So, though I will undoubtedly crave Chick-fil-A tomorrow (it is Wednesday, after all…I always want Chick-fil-A on Wednesdays), I will not be joining any of you there.  I cannot support the propagation of Cross-less moralism.

Sincerely,

Chelsea


Dear Manic Pixie Dream Girl Stock Character

Dear Manic Pixie Dream Girl Stock Character,

We need to talk.

You have a problem, and it’s a rather serious one.

For years, I was blind to your issues.  In fact, I have dedicated a large chunk of my life to attempting to be just like you.  Not just like Kirsten Dunst in Elizabethtown or just like Natalie Portman in Garden State, but just like you, the ultimate combination of all of the characters who fall in your spectrum.  I wanted to be the girl who appreciated life more than the people around her did, who relished nature, who approached difficult and awkward circumstances with Reckless Abandon.  I wanted to be the girl who lived carpe diem rather than just spewing it forth like the cliche that it is, who danced in parking lots, in the rain, in the woods, in the middle of walking her dogs just to prove to myself, friends and the world around me that I was unique and surely loved life.

And, more than anything, I wanted to change The Boy.  It doesn’t really matter which Boy, because, as you know, Manic Pixie Dream Girl, your shallow, hollow shell of a character ultimately fulfills her own purpose by changing whatever Tortured Soul is thrown her way.  The Boy is often complex, confused about his place in the world, possibly depressed, and has emotions beyond those of Wild Abandon.  And you change him.  You show him the error of his ways.  You show him how to love life – every minute – by appreciating small things and forcing him well outside of his comfort zone.  You are, in effect, his saving grace in what seems to be a bleak, monotonous situation.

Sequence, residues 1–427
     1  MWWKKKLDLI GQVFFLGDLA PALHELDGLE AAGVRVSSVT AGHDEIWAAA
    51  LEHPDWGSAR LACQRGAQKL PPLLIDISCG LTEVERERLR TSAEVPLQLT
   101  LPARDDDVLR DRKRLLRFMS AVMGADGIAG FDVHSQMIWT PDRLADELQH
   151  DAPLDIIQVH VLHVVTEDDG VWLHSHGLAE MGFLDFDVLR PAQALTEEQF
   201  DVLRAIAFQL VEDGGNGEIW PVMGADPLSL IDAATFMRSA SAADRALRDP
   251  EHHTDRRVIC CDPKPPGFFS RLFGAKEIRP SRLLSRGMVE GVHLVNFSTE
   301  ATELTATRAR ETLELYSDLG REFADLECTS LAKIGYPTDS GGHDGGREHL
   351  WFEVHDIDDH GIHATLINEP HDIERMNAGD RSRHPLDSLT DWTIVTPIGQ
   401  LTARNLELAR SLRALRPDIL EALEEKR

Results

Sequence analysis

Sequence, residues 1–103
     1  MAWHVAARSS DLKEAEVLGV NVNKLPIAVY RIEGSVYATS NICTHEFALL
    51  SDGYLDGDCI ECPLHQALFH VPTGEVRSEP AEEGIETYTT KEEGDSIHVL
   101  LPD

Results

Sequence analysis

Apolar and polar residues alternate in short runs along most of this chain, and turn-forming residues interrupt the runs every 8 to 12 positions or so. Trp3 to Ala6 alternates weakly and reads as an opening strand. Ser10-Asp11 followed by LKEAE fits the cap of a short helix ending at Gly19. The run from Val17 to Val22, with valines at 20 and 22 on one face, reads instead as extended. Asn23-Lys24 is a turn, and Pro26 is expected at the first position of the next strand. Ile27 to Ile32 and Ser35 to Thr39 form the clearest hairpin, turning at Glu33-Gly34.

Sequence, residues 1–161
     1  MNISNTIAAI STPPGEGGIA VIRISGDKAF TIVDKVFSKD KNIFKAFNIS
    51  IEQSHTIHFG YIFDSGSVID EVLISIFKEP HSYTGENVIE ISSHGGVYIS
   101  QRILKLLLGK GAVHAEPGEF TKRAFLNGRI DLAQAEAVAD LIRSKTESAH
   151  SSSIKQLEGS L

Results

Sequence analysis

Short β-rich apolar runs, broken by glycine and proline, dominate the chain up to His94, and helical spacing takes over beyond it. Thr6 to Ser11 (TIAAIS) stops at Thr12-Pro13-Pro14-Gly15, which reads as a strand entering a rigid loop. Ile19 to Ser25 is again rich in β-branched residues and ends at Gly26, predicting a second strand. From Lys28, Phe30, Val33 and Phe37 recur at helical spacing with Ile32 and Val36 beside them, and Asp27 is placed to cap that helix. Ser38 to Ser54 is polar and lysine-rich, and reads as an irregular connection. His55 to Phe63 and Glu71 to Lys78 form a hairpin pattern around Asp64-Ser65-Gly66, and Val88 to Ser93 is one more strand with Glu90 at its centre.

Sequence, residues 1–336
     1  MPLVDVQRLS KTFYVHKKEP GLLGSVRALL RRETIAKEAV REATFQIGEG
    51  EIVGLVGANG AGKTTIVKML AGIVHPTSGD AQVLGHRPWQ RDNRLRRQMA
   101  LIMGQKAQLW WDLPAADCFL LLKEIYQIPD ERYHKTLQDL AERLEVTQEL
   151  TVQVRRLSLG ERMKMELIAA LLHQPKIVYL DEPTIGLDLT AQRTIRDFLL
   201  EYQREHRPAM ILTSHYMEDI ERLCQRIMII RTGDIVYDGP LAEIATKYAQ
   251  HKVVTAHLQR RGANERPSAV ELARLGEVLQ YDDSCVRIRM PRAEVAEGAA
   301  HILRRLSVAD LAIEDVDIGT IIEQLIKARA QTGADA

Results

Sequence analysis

The problem is that you shouldn’t be expected to change anyone.  Of course, people change people.  That does happen.  But the weight of The Boy’s eventual happiness often rests entirely on your tiny, Shins-loving shoulders.  And this is a problem.

The Boy doesn’t truly find his way in life.  He finds you, Manic Pixie Dream Girl.  You are responsible for changing him, you are the one in whom he finds his fulfillment, and if you have an off day, he will be detrimentally affected.

The above reasons are why I have decided to stop attempting to follow in your footsteps.  While I want to appreciate the life that has been given to me, I don’t want to force actions just so others think I’m appreciating life (when I don’t even enjoy dancing in parking lots most of the time).  I don’t want to feel the pressure of always having to be upbeat and quirky, even when I’m having a Terrible, Horrible, No Good, Very Bad Day and really just need a hug and some prayer.  And I cannot change The Boy, whoever he happens to be.  I cannot be the agent of change or the steady bedrock upon which his entire appreciation for life rests.

I’m abandoning trying to copy your ways, and I really hope you abandon your ways as well.  You have been a token character in American media for far too long.  Your message is dangerous, your personality lacks depth and, while your love of life is admirable, your other qualities seem unhealthy, and I no longer desire them.

Sincerely,

Chelsea